Several years ago, Chinatown resident Anna Perng was grappling with her child’s autism diagnosis. For friends of hers in similar situations who had language barriers, access to information was even more challenging to find. When people started asking her for help, she became involved with a support group and decided to serve on the Philadelphia Autism Project committee.
“Raising my kids has made me aware of barriers, both physical and programmatic, which are rooted in the historic segregation of disabled people,” Perng says.
She was a member of the Philadelphia Autism Project, which, in 2015, established a continuum of care for families who needed services for their children with disabilities.
At their workshops, they provided families with translated documents and language interpretation. This effort evolved into the Temple University Cultural and Linguistic Diversity Project, which offers families access, opportunities and community support.
This March, Perng helped organize Philadelphia’s first Disability Inclusion Summit. Parks and Recreation Commissioner Kathryn Ott Lovell, Rebuild Executive Director Nicole Westerman, and other community leaders met with 150 disability rights advocates and residents.
“At the summit, a Chinatown resident who used a wheelchair spoke about how he can’t participate in activities with his 8-year-old son,” Perng says. “No matter our age, our race or our Zip code, we had one message: We need an inclusion revolution.”
Perng continued advocating for the Chinatown community and became aware of Rebuild, the city-led initiative to invest in parks and recreation centers. Her excitement was dimmed when a map of approved sites eligible for the money was published.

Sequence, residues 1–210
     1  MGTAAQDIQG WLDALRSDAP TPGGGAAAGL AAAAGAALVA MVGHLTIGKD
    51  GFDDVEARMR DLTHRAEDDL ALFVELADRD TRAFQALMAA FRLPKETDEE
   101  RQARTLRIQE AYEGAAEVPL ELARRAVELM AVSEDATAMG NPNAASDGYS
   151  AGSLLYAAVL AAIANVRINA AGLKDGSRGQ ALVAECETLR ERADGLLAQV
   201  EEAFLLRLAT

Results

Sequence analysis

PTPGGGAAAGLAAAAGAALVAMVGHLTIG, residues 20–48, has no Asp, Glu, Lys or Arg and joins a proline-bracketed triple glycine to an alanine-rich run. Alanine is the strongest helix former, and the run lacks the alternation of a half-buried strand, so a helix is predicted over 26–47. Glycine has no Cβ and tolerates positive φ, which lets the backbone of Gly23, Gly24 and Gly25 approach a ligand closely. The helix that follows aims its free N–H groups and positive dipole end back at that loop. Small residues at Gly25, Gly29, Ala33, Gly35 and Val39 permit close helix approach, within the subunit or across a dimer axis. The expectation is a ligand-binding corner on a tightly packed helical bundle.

“There was a map with this huge spray of dots across the whole city, but Chinatown remained a blank space,” Perng says. Chinatown doesn’t have any parks or recreation centers to improve.
When she saw that local news organization PlanPhilly was asking readers to vote on a Rebuild question they wanted investigated, Perng organized people to “upvote” her question: What can the city do about neighborhoods like Chinatown that didn’t have rec centers at all?
Her question won. Reporter Malcolm Burnley ended up writing a story, interviewing representatives at Rebuild and City Hall, as well as giving voice to Perng and residents. Perng noted that Franklin Square, which is privately run, was the only green space available to residents and hundreds of children who attend Head Start and pre-K count programs.
Perng shared the PlanPhilly article with Councilman Mark Squilla, who represents Chinatown, and asked whether Franklin Square could be considered for Rebuild.
“I pointed out that the historical lack of investment in Chinatown is not anyone’s fault, but we are now in a position to correct this injustice,” Perng says. “We can make a difference for residents and for hundreds of Head Start children from around the city.”
Squilla invited Perng to meet with Rebuild and Franklin Square, and, over the past year, they have worked together to address these issues.
Perng says she credits Lovell and Westerman for not only listening, but taking action on these concerns and planning a follow-up meeting with the community.
“I’d like to see residents and advocates serve on a community advisory board with voting power over the coming years,” Perng says, “to ensure residents aren’t displaced and these benefits aren’t erased in 10 years."
Paige Wolf is the author of “Spit That Out!: The Overly Informed Parent’s Guide to Raising Healthy Kids in the Age of Environmental Guilt.” Follow @paigewolf on Twitter.